I'm interested in building a relay for analog video sent from an R/C aircaft. The idea is to get around obstacles like hills and increase distance a bit.

Rather than just applying more power, I wondered if I could build something that would act as a relay station for everything from about 5700-5900Mhz.

I'm thinking about an amp in the range of 0.5w to 1Wa with a directional antenna hookup up to each side. Several of us would be flying behind a hill or obstacle, while the relay would be in a position that is LOS to both us and the aircraft.

I'd have to keep the input antenna from "seeing" the output antenna as much as possible, how much of an issue is this? Would two patch antennas facing away from each other work?

What issues would I need to be aware of with the amp?

Also, if is this easier or harder at different frequencies? Maybe 2.4Ghz, or 1.3Ghz or 900Mhz?

  • 1
    $\begingroup$ I'm afraid we are not a design service here. To attract useful answers it is advisable to post your goal, then your attempts to accomplish it, then if you get stuck, phrase your question in a way that will fit the title. $\endgroup$
    – SDsolar
    Mar 25, 2018 at 5:35
  • $\begingroup$ Another approach is to use a repeater. It listens on one frequency and transmits on a slightly different one. That makes it easier to isolate the two signals. They're quite common in the Ham radio VHF and UHF bands. $\endgroup$
    – Pete NU9W
    Mar 26, 2018 at 12:34

1 Answer 1


Let's work an example. Say the aircraft transmits at 1 watt, or 30 dBm, on 2.4 GHz. The aircraft is 500 meters away, giving a free space path loss of 92 dB. Between transmit and receive antennas perhaps there is 10 dBi gain, so the power received at the relay is:

$$ 30\:\mathrm{dBm} - 92\:\mathrm{dB} + 10 \:\mathrm{dB} = -52\:\mathrm{dBm} $$

Meanwhile, the relay is re-transmitting this signal at a power of 30 dBm. the isolation between the antennas really depends on the antenna design, but let's say you have a patch antenna with a null in its pattern that's 30 dB less than its peak gain. You have two of these which you position carefully so each is in the other's null, so you have a total of 60 dB isolation between them. That means the relay transmit power making it into the relay receiver is:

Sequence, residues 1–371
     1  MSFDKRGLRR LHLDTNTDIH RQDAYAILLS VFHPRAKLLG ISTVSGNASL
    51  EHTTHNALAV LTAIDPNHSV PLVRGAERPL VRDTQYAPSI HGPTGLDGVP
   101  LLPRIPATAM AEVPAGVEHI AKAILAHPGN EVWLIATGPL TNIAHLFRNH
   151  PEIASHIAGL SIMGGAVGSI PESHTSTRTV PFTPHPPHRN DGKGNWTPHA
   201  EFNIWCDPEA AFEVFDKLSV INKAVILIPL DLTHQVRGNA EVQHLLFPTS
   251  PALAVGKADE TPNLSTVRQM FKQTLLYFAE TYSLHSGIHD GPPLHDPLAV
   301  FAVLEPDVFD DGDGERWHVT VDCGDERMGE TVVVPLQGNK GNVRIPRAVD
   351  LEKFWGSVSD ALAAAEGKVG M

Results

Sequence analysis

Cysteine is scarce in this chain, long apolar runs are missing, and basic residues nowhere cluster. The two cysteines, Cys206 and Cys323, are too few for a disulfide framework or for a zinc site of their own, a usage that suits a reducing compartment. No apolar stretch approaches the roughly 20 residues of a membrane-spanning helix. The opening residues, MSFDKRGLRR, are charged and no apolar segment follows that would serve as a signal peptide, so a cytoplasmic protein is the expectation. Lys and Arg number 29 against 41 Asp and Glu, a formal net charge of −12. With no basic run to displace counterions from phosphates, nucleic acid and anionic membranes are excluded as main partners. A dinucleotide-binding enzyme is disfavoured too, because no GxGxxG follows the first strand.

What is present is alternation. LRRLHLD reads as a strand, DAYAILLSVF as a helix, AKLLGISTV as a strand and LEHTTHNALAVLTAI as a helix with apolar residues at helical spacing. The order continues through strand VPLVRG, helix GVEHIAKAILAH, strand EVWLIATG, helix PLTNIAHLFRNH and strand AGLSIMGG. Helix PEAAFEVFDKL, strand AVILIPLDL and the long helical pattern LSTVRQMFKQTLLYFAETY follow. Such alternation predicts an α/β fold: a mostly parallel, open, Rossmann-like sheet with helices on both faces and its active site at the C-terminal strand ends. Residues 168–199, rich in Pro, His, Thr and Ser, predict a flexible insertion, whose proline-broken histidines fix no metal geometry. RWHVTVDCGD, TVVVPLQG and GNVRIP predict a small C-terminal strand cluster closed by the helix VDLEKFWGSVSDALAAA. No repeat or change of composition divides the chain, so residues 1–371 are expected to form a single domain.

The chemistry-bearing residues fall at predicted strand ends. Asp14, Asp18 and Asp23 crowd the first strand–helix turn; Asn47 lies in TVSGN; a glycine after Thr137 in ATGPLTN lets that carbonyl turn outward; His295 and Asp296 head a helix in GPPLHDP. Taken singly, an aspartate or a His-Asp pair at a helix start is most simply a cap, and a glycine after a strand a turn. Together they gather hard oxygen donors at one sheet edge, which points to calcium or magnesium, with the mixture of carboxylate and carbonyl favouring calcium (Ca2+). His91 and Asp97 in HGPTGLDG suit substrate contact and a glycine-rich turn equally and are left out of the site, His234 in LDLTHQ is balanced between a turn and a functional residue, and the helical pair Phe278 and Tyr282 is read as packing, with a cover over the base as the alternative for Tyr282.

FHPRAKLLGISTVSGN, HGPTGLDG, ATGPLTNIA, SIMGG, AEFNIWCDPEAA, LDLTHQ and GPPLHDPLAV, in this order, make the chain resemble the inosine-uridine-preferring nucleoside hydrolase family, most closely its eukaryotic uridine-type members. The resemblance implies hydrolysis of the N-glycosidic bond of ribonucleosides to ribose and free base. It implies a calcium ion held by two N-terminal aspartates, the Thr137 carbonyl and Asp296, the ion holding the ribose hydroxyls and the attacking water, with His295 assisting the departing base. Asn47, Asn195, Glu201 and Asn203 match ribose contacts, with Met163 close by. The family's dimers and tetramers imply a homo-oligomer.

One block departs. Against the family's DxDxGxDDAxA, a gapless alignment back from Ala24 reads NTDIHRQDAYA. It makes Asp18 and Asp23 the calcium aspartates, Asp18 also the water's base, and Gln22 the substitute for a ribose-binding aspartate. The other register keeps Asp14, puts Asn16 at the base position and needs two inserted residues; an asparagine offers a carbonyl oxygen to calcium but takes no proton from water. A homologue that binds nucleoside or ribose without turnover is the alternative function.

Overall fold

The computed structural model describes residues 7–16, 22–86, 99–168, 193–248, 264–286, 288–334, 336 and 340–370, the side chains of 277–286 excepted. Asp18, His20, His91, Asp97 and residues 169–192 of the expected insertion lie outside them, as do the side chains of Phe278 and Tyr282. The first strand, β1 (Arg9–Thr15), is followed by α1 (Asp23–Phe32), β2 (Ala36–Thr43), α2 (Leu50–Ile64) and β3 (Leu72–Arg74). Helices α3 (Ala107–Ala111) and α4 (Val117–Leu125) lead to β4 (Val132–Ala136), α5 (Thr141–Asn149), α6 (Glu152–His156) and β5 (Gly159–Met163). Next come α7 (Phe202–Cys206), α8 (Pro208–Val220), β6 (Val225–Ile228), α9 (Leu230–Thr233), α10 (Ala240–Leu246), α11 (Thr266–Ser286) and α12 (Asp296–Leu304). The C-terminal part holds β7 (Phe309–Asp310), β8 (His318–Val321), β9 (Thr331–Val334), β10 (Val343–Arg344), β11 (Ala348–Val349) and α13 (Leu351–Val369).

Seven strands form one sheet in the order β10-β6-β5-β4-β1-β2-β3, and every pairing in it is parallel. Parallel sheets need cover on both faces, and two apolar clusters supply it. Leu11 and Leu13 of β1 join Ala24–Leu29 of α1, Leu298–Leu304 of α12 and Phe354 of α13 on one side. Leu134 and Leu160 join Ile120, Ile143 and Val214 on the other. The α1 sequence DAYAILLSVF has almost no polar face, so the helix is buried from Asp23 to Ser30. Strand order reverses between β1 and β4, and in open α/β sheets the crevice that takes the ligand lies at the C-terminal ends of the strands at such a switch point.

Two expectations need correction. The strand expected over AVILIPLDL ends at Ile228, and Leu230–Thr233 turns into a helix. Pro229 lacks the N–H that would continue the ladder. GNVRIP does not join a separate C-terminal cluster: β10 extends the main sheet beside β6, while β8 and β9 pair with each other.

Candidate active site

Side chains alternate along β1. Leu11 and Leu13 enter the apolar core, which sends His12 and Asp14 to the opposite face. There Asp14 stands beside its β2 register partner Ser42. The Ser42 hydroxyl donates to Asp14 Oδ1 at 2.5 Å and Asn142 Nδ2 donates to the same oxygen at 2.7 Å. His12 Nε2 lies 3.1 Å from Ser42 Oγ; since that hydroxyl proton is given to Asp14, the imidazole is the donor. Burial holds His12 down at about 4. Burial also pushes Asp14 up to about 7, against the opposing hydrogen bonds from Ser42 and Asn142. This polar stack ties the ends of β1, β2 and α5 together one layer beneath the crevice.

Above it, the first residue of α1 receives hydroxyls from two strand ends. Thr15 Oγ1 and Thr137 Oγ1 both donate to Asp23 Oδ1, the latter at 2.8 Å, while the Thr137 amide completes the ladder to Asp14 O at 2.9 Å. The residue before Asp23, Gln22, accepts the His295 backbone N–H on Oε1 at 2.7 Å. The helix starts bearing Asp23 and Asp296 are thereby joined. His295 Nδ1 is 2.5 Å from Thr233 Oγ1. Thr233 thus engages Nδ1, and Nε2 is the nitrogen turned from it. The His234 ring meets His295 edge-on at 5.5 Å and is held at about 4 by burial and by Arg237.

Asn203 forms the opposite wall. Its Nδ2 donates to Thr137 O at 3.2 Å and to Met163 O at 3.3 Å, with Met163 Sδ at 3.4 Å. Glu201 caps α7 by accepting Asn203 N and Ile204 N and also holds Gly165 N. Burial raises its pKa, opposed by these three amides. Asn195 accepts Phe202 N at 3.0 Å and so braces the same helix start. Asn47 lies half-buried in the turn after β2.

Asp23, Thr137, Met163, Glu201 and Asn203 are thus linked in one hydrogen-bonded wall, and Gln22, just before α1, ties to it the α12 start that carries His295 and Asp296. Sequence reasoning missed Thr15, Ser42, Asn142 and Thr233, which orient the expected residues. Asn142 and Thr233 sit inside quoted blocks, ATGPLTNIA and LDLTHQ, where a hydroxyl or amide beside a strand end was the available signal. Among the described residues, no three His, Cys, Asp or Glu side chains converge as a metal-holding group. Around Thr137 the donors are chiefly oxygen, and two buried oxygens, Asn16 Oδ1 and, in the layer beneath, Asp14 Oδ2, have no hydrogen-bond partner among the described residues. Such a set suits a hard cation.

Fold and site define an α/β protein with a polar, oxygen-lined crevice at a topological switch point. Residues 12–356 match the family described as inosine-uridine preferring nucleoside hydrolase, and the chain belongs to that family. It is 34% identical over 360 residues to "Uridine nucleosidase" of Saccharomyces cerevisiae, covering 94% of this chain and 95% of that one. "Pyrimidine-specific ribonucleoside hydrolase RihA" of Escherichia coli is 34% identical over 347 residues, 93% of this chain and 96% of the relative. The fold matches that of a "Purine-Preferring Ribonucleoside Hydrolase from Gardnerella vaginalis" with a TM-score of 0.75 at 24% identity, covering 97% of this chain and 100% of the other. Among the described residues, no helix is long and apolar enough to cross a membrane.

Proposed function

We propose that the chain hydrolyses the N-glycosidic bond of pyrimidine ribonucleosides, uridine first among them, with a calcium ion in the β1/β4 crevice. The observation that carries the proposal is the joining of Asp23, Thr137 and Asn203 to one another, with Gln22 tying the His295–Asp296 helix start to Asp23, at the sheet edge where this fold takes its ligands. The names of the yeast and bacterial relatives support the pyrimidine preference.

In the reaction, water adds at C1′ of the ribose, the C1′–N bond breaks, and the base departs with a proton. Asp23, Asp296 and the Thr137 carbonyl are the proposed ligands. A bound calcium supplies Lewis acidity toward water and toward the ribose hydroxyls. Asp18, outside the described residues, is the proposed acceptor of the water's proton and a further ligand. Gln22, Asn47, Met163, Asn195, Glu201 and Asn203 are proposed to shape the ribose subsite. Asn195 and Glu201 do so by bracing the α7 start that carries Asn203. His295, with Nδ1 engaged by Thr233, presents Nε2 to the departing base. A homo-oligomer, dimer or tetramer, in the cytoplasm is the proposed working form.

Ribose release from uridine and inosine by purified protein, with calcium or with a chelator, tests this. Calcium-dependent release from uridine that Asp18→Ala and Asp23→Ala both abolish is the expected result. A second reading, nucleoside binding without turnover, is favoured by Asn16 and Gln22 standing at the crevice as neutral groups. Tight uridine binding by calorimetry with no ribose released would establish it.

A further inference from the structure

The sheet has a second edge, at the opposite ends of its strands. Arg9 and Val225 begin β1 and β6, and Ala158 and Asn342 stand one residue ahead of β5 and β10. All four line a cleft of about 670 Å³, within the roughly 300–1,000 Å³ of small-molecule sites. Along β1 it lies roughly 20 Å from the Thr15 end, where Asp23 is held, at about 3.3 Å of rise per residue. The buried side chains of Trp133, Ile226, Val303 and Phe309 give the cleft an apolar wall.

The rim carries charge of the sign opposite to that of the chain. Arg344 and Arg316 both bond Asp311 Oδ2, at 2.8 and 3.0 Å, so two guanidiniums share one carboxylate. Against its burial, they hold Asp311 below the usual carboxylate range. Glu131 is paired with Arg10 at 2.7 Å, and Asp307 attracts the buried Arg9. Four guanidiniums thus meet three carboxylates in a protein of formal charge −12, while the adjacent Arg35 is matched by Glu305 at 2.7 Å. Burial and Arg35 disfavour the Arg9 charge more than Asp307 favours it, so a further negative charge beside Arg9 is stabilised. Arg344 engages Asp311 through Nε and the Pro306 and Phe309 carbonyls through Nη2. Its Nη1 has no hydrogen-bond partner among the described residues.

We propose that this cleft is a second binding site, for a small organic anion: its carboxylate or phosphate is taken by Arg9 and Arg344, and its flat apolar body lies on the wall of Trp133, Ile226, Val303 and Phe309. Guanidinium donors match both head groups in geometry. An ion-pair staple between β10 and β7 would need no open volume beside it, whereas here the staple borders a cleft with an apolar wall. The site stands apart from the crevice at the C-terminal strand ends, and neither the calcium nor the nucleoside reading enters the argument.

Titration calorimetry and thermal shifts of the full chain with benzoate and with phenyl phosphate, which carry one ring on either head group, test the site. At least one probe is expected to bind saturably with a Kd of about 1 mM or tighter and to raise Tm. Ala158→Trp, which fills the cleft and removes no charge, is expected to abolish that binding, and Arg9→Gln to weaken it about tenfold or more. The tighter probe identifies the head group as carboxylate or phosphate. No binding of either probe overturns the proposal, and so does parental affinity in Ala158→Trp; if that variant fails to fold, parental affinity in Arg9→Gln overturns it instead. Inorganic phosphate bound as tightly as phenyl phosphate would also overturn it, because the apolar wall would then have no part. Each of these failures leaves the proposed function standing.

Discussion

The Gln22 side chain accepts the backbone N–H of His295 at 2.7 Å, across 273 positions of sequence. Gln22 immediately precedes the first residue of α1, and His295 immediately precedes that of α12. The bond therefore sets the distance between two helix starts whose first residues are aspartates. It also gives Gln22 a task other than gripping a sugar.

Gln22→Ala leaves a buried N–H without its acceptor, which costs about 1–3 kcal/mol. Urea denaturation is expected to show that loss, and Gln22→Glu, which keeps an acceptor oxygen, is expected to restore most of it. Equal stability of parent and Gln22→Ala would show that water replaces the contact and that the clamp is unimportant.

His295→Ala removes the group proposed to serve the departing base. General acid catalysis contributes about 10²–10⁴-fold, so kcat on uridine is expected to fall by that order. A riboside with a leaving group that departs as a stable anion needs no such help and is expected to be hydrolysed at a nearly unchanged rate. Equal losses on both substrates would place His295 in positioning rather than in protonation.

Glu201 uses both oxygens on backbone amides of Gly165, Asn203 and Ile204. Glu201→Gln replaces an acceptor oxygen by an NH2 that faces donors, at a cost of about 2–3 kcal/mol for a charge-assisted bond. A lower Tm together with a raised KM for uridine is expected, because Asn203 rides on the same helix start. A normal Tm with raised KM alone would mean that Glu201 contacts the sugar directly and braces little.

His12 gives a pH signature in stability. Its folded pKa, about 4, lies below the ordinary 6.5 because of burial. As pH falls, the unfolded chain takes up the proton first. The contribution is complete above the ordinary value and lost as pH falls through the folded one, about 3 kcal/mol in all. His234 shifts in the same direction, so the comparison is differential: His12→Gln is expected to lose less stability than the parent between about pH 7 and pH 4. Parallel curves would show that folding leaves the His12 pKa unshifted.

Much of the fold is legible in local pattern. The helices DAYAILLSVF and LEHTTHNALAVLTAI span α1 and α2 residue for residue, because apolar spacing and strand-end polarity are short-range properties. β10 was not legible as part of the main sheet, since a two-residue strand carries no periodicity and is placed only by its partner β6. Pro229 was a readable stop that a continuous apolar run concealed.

$$ 30\:\mathrm{dBm} - 60\:\mathrm{dB} = -30\:\mathrm{dBm} $$

Meaning, the signal from the aircraft the relay is trying to receive is 22 dB below the "noise" created by the relay's own transmitter. This will not work.

Somehow you need to introduce additional isolation such that the aircraft can be heard above the relay's own transmitter.

This could be done by filtering in frequency. The farther apart the receive and transmit frequencies, the less steep the filter transition must be. So a cross-band relay will be cheaper and simpler.

Alternating between receive and transmit in time is also possible, though perhaps not for a continuous analog video stream. With packetized digital video however, very reasonable.

  • $\begingroup$ Thanks for working through an example and showing me how to tun the numbers myself.I was thinking about changing polarization between the input antenna and the output, that'll get me another 10-20dB between the two, which still isn't enough. Cross-band may be the right choice. $\endgroup$
    – kbyrd
    Mar 25, 2018 at 1:51
  • $\begingroup$ Shouldn't the "10 dB" of combined antenna gain be explicitly stated as 10 dBi of gain? $\endgroup$
    – Glenn W9IQ
    Mar 28, 2018 at 10:31

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